An Effective Content Management System CMS

By Brandon Roach May 4, 2012

Content Management System

Content Management System (CMS – as I will refer to it the rest of this article).  There are many options for a CMS that matches the need of your business, but this is one decision you want to take considerable time with. The affects of a business’ choice will be affected until there is a change.  To avoid any unnecessary consequences consider the following.

First write out a list of goals, some may include:

1. How many pages will I have?
2. How many people will have access to the CMS?
3. Do different people need to have different access levels
a. If yes are there different administrative levels?
4. If yes how detailed is the access?
5. Will I ever build e-commerce into the CMS?
6. How many markets do I want to reach?
7. Do I want people to interact with the CMS?
8. Do I have specific tools that need to connect to the CMS, like a CRM?
9. What devices need to access the CMS?
10. How detailed are the pages that I need, do I want custom forms?
11. Do I have specific products that I need a specific database built for?
12. Do you want private company pages?


I will try to come back and make this more complete, but this is a great list to start with.  Based on answering these questions we can actually move forward in determining an appropriate CMS.  For most small business’ with a website of 15 pages or less a blog system will probably work like WordPress, Posterous, or Tumblr.  At Cirv we use Posterous and feel for our size it cuts time down considerably.  We do need other tools but it fits into our tool set nice.


There are a couple of ways to have your CMS hosted, one is through the company running the CMS.  The other is to buy a full license of the CMS and host it yourself.  Both have there advantages and disadvantages.  


Some of the advantages of buying one that includes hosting is:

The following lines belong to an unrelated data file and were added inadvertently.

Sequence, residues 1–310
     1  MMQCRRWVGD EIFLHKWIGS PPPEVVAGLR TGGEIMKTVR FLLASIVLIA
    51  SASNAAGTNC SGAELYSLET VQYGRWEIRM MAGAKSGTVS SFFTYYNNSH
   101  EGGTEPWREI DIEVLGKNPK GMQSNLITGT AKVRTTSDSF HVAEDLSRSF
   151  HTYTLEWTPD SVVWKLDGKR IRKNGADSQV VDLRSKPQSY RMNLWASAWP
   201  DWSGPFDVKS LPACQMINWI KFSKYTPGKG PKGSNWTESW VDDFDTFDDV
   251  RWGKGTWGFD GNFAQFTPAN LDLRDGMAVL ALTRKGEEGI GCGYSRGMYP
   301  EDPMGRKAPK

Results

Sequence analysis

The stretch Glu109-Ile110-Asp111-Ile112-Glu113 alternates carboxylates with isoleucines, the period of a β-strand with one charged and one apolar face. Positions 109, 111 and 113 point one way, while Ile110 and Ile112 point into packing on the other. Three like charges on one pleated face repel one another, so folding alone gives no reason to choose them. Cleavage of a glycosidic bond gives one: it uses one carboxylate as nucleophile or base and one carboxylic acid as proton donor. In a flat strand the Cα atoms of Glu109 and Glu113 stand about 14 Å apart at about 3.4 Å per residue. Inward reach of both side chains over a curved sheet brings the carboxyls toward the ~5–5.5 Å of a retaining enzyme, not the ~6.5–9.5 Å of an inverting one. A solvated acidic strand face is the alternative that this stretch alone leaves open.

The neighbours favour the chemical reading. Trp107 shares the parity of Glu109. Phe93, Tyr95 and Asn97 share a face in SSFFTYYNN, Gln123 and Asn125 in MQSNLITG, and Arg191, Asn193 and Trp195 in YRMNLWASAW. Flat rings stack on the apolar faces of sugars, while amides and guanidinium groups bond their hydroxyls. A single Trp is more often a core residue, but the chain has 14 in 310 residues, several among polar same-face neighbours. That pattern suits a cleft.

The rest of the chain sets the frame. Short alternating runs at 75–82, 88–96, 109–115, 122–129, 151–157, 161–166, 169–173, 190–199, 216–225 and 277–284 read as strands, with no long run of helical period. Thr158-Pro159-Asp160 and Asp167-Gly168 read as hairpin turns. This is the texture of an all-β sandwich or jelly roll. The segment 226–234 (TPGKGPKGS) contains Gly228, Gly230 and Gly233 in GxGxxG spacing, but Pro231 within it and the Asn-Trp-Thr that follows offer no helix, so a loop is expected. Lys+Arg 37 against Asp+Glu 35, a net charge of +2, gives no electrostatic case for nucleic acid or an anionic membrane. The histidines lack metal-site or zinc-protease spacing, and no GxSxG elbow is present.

1. Updates are seamless and happen as you log in
2. In most cases there are always running with no down time
3. They take care of back-ups.


1. Pricing can change
2. They can change any features they want.
3. They can go out of business and lose your data, (usually companies give notice to get you data down, but it has happened.)
4. Anything you customize or third party plugins can all of sudden quit working.


Advantage of hosting your own:

1. You can customize it around your company.
2. You own the license and don’t have to worry about any data being compromised.
3. You know you always have access to your data.
4. You can plan your upgrades.  Set up a test environment and make sure everything is functional.


1. Upgrades are a big hassle.
2. More fees for upgrades.
3. Usually takes outside knowledge, unless you have a competent in-house personnel


Things I would recommend looking for out of a CMS is unlimited users with ability to add / edit pages and have user access controlled.  Easily add web pages with a custom built interface.  


If you are looking for a solution that handles stories that are updated frequently i.e. You are covering a conference or product launch that is being updated live, you would want to make sure your CMS can handle that.


The big idea I want to convey here (listen carefully, because it would probably more painful later) the next big website update you make in your business.  Most likely you would want to have some sort of CMS connection to it.  


Example: If you sale multiple choch-keys of anything.  Most likely you are maintaining information on the various products.  An affective CMS would allow anyone with basic computer knowledge in your company to update your website.


Example 2:  If you have key information that you don’t want to give away for free.  It would be very helpful if you could display qualifying information to your consumers.  Then withhold key information to your potential buyers while still drawing them in.  This would be another important question to ask.  (Show the firs paragraph and have your audience login (or buy) to get the rest of the info.


This article is only a brain starter on a bigger conversation for any company that is looking to draw thousands of users a day.  But for any smaller company who just wants to update their website no more than a couple of times a week.  I gave three great options above.  For any bigger companies I am more than willing to sit down and help come up with a viable solution that would fit all your needs and make sure all questions are covered.


With my Web development background and knowing what Cirv has done for other companies and affective content approach is a necessity.  It will not only help you engage your current audience, but is a necessity on gaining new audiences.


A Better Website,


Brandon Roach